Industry So Far
Last week, we met the class of new graduates starting up at the fictional investment bank, Pierpoint & Co. They became acclimated at their new jobs building important relationships with their supervisors to varying degrees of success. The pressure and expectations at such a high-profile company became too much for Hari and some of the interns will have to cope with the aftermath of his passing.
In the Dog House
Yasmin can’t get any love. At work, she’s relegated to picking up the group’s coffee and lunch orders. All she wants is an opportunity to prove her worth and her patience is wearing thin as she watches other grads receiving more responsibilities. She also manages to insult her manager which perpetuates more hazing and shows of power to put the young intern in her place.
Her home life isn’t any better since she still lives with her mom, who disapproves of her being a gopher at her fancy internship. In addition, her boyfriend would rather pleasure himself while watching porn in bed than be intimate.
The only real joy she receives is toying with Robert. Their flirtations have extended to the gym where she finds different work outs that involve bending over in tight spandex and drinking from the fountain as provocatively as possible. Poor Robert, being strung along with those puppy dog eyes.
An Important Lesson
Maybe because of the death of her neighbor and colleague, Hari, Harper begins looking for new living arrangements but her search is unsuccessful. If finding a nice place wasn’t hard enough, she has the added headache of HR looking closer into her application. After Hari failed to disclose a prior heart condition that contributed to his death, the company is doing its due diligence to ensure the grads aren’t hiding anymore secrets.
Fearing he lost exclusivity with a major client, Eric meets with the big shot and brings Harper along. He thinks it would be a good opportunity to learn the art of horse whispering a disgruntled client. Plus, it’s important facetime with the person whose business pays their salary. At the meeting, Eric tries his best but is unable to change his mind. The Director of CPS is also disappointed that Harper didn’t speak up the whole time, especially when given an opportunity, and admonishes her saying he doesn’t need “quiet and nice”.
Gus had settled in quite nicely with his finance industry job at Pierpoint. His boss is satisfied with his work but things are even more stressful now that their group is under additional scrutiny following Hari’s death. The company is in damage control mode knowing an exposé is coming on their business practices. This all leaves Gus’ position within IBD up in the air.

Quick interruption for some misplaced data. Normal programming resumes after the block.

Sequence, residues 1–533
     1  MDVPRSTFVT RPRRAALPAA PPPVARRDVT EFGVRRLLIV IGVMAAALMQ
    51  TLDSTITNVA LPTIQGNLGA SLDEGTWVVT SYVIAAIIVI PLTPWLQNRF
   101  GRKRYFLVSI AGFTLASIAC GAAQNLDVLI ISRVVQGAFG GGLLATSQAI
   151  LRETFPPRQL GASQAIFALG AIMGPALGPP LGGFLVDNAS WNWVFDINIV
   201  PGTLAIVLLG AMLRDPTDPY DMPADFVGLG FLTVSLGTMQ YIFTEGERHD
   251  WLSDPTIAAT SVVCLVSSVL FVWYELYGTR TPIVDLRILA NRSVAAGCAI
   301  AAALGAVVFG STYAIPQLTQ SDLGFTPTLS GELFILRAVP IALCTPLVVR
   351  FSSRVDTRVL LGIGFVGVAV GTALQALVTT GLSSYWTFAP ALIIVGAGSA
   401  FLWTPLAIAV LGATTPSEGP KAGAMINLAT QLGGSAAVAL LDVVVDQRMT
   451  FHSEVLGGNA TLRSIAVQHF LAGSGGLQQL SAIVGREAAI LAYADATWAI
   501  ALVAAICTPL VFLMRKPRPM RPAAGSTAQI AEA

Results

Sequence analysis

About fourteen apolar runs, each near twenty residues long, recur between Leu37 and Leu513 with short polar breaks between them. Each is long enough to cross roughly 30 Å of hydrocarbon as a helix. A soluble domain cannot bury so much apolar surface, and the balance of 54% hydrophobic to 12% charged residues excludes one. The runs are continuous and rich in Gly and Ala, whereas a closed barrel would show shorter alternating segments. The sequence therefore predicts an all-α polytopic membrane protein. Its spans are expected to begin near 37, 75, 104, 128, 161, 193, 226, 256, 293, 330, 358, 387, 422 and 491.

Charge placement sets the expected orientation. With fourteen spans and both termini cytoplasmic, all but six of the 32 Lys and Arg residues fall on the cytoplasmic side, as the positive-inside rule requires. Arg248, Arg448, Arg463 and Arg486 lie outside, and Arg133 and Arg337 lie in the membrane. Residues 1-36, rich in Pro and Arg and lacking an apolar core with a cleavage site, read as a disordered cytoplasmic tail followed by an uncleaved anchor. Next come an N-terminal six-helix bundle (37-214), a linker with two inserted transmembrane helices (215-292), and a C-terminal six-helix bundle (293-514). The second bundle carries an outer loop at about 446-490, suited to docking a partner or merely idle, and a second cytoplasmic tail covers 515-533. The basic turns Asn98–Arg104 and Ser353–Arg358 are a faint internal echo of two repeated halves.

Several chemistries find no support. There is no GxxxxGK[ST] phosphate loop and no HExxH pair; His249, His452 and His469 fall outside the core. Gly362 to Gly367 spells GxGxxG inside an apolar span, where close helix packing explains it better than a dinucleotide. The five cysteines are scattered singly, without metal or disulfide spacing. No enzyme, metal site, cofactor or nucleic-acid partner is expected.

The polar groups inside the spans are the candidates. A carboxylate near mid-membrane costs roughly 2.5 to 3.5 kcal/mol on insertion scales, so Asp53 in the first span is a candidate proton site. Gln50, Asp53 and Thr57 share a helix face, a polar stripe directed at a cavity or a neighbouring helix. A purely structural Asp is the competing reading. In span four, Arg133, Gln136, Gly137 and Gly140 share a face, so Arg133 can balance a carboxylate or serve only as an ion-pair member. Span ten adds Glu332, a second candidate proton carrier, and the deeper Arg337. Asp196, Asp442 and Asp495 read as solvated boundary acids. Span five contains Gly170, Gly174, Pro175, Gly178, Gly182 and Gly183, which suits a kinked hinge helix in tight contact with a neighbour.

At least Gus’ love life is heating up. He’s reconnected with an old boarding school classmate from Eton who is a research analyst at Pierpoint. The intern is falling hard and playfully suggests changing departments to be closer to his man, Theo. However, things could become messy since Theo already has a girlfriend and their relationship is kept a secret.
The company holds a welcome dinner for all the new graduates. What is supposed to be a fun evening of building camaraderie has its share of awkward moments. Yasmin tries to insert herself in a conversation her manager is having. This causes him to erupt and berate her in front of everyone. Taking Eric’s advice from before, Harper stands up for her fellow intern. The two bond over the moment and Yasmin offers Harper the spare room in her basement.
More privately, Gus confronts the top brass about the future of his group. He’s surprised to learn that it is being broken up and he’ll be reassigned to a different division. He has some choice words about the decision and ruffles the feathers of upper management.
The second episode of Industry delves deeper into these young grads but it’s not necessarily a good thing depending on the person. Harper continues to be someone to root for. She’s become a quick learner under Eric’s tutelage and it’s pretty ballsy to stand up to management at a company event. Though you can see her gradually blurring the lines like when she uses Yasmin to learn the big client’s meeting information.
On the other hand, Gus and Yasmin are not as likeable. The former seems equipped for the finance industry but his people skills could be improved. As much as he doesn’t want to seem entitled, he does and there are more tactful ways to approach upper management.
Similarly, Yasmin has princess written all over her living with her mom and expecting to be given things. Even the way she toys with Robert has a privilege behind it because she can. Not to mention the bitchy and immature way she intrudes into her manager’s conversation. She might not have deserved the response, but Yasmin feels like the kind of person who received almost everything she wanted without working hard for it.
Ken Leung’s Eric is always a delight to watch. His meeting is a masterclass of client whispering containing equal parts B.S. and sentiment. The whole scene was impressive because you can see the client’s gears turning and contemplating whether he made the right decision. He agreed with every word Eric said despite their falling out. Eric’s comment about Tottenham to his replacement as he heads out was a humorous cherry on the top of it all and a petty jab at his former client.
Although not everyone is so likable in “Quiet and Nice”, it contains a strong performance from Ken Leung and nice character development with Harper.
Industry airs Monday nights on HBO.
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